About the Author(s)

Abdul Mufid Email symbol
Department of Hadith Studies, Faculty of Ushuluddin, Sekolah Tinggi Agama Islam Khozinatul Ulum Blora, Central Java, Indonesia

Juju Saepudin symbol
National Research and Innovation Agency, Jakarta Pusat, Indonesia

Marpuah Marpuah symbol
National Research and Innovation Agency, Jakarta Pusat, Indonesia

Imam Tabroni symbol
Department of Islamic Education, STAI Dr. KH. EZ. Muttaqien, Purwakarta, Indonesia

Mohammad F. Maulana symbol
Department of Islamic Education, Faculty of Islamic Religion, Universitas Islam Sumatera Utara, Medan, Indonesia


Mufid, A., Saepudin, J., Marpuah, M., Tabroni, I. & Maulana, M.F., 2022, ‘Public religious embodiment: A contemporary discussion’, Verbum et Ecclesia 43(1), a2448. https://doi.org/10.4102/ve.v43i1.2448

Original Research

Public religious embodiment: A contemporary discussion

Abdul Mufid, Juju Saepudin, Marpuah Marpuah, Imam Tabroni, Mohammad F. Maulana

Received: 02 Dec. 2021; Accepted: 29 Mar. 2022; Published: 25 May 2022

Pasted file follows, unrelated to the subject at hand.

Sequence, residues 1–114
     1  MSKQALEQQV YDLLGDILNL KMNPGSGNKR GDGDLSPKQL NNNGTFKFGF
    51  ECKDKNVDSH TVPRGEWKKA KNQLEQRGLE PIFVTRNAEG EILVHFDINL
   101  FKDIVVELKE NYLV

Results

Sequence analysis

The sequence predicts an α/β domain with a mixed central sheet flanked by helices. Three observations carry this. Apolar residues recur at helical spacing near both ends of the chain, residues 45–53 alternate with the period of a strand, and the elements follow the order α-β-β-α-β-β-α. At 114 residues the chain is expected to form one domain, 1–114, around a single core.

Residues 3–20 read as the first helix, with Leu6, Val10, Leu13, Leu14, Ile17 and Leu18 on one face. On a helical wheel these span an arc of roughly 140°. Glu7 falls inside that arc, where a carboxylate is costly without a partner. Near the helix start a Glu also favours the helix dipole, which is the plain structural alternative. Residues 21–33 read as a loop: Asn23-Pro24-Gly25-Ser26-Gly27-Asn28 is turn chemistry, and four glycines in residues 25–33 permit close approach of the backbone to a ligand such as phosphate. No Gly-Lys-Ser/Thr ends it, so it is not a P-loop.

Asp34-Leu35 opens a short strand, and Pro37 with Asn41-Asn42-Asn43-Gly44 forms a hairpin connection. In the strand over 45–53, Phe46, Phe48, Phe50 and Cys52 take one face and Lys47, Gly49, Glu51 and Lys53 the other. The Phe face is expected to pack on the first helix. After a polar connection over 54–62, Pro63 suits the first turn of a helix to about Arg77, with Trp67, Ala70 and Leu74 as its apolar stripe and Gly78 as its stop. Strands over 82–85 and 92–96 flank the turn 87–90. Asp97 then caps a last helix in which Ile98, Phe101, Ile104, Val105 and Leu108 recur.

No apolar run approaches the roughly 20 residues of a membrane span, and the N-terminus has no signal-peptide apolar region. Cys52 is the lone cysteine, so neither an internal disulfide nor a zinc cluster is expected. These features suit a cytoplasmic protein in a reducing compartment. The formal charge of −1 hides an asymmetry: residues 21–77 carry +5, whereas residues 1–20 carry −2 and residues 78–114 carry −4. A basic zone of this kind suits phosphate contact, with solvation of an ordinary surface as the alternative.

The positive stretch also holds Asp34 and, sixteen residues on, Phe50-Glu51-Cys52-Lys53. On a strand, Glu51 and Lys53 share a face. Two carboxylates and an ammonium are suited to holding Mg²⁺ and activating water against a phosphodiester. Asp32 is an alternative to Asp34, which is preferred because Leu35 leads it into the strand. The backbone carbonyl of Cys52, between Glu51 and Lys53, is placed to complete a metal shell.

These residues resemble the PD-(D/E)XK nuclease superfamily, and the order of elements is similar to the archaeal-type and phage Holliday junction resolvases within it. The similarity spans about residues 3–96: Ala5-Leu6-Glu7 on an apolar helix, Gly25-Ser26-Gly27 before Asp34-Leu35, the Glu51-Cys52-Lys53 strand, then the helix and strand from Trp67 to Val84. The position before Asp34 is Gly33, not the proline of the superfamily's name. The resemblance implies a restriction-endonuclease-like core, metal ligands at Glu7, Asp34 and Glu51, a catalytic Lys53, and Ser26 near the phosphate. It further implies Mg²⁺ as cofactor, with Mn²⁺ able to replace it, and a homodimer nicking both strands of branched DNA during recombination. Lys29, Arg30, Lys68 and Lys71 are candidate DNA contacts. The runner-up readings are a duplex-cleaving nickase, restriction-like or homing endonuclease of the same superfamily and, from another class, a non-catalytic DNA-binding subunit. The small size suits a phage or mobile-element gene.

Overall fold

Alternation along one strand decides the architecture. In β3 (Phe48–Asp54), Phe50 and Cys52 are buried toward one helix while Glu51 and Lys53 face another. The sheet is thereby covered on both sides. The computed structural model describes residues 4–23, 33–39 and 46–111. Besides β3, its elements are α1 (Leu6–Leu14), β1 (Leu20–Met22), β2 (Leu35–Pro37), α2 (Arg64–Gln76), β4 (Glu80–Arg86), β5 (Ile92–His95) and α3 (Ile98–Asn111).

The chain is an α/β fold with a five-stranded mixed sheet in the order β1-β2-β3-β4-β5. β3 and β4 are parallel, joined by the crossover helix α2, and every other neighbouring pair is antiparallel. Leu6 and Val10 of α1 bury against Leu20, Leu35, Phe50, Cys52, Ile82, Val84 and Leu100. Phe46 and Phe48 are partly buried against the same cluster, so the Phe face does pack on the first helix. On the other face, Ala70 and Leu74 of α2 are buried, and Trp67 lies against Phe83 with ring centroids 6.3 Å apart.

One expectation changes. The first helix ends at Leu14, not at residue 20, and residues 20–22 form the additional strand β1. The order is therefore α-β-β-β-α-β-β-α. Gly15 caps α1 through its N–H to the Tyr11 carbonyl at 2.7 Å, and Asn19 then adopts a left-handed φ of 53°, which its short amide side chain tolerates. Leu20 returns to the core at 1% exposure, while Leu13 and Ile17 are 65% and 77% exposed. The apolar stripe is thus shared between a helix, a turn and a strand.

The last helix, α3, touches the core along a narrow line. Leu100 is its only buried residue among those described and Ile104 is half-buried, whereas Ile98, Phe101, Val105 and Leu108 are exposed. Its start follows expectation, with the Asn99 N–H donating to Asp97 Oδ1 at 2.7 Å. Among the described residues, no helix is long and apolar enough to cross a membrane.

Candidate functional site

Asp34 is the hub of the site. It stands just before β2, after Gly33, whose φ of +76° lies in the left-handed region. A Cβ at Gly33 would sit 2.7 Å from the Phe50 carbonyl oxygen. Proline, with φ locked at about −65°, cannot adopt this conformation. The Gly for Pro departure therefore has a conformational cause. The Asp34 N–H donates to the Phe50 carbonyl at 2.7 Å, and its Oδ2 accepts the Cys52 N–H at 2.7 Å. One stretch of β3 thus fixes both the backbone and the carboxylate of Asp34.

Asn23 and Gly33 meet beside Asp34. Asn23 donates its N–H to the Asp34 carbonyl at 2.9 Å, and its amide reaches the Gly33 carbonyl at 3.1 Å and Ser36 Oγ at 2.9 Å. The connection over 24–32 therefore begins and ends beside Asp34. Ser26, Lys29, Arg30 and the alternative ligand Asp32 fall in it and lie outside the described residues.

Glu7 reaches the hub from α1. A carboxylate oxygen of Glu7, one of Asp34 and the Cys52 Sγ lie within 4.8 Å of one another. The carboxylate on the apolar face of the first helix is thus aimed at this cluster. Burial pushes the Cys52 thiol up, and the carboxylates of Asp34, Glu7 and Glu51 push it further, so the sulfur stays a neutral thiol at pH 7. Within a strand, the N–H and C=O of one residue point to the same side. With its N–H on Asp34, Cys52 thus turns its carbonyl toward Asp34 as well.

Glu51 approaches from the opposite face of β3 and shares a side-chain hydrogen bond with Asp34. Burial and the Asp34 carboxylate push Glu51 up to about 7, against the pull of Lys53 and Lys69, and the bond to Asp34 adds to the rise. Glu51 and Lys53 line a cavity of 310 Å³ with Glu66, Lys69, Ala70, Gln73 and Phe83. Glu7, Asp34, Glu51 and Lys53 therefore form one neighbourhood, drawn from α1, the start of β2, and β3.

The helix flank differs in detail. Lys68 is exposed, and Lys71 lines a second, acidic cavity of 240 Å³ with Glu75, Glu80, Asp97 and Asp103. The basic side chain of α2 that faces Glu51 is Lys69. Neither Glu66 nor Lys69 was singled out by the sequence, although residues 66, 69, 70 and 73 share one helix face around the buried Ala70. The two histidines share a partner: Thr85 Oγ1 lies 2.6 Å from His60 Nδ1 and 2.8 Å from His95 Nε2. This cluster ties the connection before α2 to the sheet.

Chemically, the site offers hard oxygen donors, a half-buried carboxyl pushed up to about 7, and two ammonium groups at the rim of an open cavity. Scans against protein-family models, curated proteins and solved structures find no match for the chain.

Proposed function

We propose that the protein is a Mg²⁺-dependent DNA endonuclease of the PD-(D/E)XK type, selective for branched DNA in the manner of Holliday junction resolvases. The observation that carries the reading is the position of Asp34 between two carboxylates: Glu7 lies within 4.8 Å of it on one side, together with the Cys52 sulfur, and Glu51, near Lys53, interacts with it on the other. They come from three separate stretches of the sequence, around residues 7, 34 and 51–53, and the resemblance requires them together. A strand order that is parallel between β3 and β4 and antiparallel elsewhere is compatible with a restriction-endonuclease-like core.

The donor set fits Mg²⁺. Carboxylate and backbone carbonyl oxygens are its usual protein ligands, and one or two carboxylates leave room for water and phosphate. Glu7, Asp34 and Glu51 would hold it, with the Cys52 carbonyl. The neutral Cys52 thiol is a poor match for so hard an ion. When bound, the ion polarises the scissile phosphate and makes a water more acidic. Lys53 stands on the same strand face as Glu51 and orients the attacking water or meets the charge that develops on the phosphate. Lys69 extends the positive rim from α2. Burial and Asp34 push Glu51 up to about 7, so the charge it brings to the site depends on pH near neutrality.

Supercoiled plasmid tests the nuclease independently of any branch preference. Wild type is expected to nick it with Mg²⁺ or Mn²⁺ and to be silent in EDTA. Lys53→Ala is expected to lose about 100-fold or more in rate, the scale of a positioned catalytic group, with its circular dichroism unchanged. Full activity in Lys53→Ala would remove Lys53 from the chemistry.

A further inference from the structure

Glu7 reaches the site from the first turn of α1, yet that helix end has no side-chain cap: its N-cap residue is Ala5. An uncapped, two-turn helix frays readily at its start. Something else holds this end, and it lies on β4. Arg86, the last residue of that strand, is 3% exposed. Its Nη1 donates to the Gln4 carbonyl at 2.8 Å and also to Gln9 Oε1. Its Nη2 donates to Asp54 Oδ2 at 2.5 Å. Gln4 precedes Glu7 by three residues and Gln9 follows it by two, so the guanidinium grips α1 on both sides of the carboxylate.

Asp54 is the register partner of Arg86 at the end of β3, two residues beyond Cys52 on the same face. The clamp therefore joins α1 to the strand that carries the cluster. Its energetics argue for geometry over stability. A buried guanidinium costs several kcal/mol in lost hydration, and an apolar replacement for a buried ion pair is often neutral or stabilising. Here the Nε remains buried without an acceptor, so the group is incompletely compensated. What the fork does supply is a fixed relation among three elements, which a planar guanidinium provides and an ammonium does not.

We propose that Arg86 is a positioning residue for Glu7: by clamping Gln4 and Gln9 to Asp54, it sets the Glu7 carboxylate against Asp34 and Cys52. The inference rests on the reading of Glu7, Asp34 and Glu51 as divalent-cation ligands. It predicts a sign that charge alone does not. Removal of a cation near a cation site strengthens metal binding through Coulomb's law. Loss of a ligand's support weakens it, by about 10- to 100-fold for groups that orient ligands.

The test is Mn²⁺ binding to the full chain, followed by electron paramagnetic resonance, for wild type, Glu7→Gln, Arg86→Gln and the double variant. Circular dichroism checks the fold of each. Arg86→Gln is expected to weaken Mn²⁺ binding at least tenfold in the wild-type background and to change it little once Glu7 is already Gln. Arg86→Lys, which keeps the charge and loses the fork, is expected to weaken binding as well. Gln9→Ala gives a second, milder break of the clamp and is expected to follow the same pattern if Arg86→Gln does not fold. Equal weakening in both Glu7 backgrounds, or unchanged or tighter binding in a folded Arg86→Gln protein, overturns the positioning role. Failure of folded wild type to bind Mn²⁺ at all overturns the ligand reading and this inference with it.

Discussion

Copyright: © 2022. The Author(s). Licensee: AOSIS.
This is an Open Access article distributed under the terms of the Creative Commons Attribution License, which permits unrestricted use, distribution, and reproduction in any medium, provided the original work is properly cited.


Spiritualism is an inseparable part of human existence. The reduction of this dimension (spiritualism) will negatively affect human existence. This causes the emergence of new phenomenon, or even culture, in the life of modern society. The phenomenon is the increase of their interest in spiritualism. Even though spiritualism in this context is not always identical with religion, this phenomenon cannot be separated from capitalism. This article explores how the intersection of religion, religiosity and public segment is more likely to manifest in our everyday life. Humans are considered indisputably religious from ancestry; therefore, they are regarded as homo-religious. As technology and society progress, some scholars argue that in no time distant religion is going to give way to secularisation. However, it remains a vital and prominent role for humans despite the rate of secularisation in European and other Western societies. This sociological research utilises the transversal and residential theory to define religion as a phenomenon that crosses every aspect of life while maintaining a prominent public position. The result showed that humans are religious, and therefore religion is bound to exist in accordance with their existence. The study concludes that religion provides ultimate answers to questions that have not been answered by science and philosophy. Therefore, as long as humans exist, their place in society cannot be abolished.